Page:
After a rocky start to Friday’s trading, the dollar has regained its poise and is flitting between gains and losses against a basket of currencies on the session. The greenback had lost some appeal throughout the week following a steadfast showing from the central bank where it appears there is little chance that monetary policy is about to be changed. Global tensions dimmed after the Egyptian overthrow of its President while there was little further safe haven demand for the dollar as tensions slowly spread across the Arab world. Much of the driving action later in the week has come from Europe where investors keep on picking at the stitches in monetary policy hoping that they might soon be able to tear it apart at the seams.
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British pound – Attracting much of the spotlight this week was the pound sterling where investors have been clamoring for signs that the Bank of England would soon raise interest rates. Inflation rose to twice its permitted ceiling causing the Governor to write a fifth open letter to the Chancellor explaining why this is the case and what he intends to do about it. Despite internal policy dissent from external MPC members the central bank sounded off loud and clear that it sees no need to risk negatively impact growth in order to address a rising cost of living that it deems temporary and driven by beastly rising commodity prices. In an unexpected twist to finish the week weather-weary consumers drove retail sales back from the winter doldrums to the strongest advance since February 2010. While sales excluding cars and fuel surged by 1.6% and far faster than a 0.5% forecast, the series was revised far lower for the previous month, but investors were still taken aback by the ferocity of the rebound. The pound jumped sharply to reach $1.6231 for its highest in at least two weeks as investors began to sense that there may be room for monetary tightening after all.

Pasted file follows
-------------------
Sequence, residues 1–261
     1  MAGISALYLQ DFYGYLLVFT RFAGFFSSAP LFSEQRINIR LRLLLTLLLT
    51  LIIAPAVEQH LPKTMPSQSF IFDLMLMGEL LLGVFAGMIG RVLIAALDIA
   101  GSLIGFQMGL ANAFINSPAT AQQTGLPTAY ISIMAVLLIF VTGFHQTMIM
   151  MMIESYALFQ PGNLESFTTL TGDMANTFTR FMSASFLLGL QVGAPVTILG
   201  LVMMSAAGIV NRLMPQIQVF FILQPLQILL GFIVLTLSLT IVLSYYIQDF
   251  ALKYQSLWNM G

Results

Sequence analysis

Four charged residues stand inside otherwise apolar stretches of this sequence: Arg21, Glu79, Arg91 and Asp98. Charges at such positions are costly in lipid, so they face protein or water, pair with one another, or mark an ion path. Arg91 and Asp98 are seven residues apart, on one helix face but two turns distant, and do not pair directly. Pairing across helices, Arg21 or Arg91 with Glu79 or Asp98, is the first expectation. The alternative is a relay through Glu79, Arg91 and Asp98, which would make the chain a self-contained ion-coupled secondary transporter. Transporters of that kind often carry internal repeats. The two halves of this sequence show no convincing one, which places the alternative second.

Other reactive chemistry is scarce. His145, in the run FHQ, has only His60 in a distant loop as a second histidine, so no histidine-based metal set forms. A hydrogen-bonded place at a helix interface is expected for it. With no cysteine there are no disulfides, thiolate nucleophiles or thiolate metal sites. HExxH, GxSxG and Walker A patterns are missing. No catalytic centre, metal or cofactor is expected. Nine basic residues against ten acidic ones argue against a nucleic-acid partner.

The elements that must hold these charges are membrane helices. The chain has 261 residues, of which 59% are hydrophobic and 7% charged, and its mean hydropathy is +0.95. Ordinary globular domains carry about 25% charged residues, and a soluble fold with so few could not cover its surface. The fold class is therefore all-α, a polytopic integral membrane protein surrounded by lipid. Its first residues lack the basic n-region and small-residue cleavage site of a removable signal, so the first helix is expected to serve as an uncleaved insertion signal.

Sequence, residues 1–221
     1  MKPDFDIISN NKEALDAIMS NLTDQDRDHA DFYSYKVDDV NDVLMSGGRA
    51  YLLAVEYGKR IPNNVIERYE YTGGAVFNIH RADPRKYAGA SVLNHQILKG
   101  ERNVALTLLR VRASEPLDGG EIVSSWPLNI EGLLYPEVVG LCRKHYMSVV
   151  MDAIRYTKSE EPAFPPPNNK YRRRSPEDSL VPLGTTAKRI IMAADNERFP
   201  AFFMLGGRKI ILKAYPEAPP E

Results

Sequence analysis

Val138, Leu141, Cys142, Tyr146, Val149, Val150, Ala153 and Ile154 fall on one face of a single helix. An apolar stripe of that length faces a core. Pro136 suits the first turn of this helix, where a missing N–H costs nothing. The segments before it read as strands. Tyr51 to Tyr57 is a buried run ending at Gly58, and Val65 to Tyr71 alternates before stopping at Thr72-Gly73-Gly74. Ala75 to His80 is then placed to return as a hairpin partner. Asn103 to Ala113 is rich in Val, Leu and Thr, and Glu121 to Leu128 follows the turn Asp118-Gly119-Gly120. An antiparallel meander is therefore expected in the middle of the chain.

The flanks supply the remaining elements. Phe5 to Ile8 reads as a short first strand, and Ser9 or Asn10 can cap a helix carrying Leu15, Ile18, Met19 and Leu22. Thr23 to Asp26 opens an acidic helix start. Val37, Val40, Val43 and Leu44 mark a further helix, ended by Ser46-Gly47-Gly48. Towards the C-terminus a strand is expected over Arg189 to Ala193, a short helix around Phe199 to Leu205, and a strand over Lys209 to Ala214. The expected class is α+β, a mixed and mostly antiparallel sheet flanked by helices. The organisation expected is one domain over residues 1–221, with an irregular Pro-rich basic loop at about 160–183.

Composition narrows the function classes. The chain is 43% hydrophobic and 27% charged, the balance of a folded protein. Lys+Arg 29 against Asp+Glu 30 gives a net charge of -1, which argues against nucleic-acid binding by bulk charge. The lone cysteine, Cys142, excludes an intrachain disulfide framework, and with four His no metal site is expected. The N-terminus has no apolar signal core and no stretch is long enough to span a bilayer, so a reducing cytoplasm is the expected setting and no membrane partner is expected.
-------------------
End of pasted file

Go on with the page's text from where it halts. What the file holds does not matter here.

Euro – The euro was having a bad hair day on account of an uncomfortable surge in German producer price costs, which rose by twice as much as forecast. The January index rose by 1.2% lifting the year-on-year gain for factory input costs at 5.7% and up from 5.4% in December. And while investors have been incredibly sensitive to signs that simmering inflation might spark a response from the ECB, more recently they have been told to lay down their pitchforks and relax. The ECB like several other central banks observes that the global rebound is dragging commodity prices higher and that over time this trend will dissipate. Yet there were two pieces of news that weighed on sentiment towards the euro this morning. First, French business confidence for February unexpectedly stumbled to an index of 106 from 108 despite expectations of an advance. This is one of a few recent signs that buoyancy in the region is petering out. Second, data from the ECB showed that banks remain heavily reliant on borrowing from the central bank. Borrowing at the marginal lending facility on Thursday rose to €16 billion and is the highest since June 2009. So despite concerns over inflation the rising price profile investors rounded on the euro in the belief that all is not well and that the simmering sovereign debt issues might yet weigh upon its appeal. However, just to illustrate the fickle and fluid nature of this market it was a recent headline flashing across dealers’ screens that sent the euro sharply higher after ECB member Bini Smaghi warned that the central bank might raise rates if price pressures mount. The euro reversed a daily loss to $1.3550 to reach a session high at $1.3619.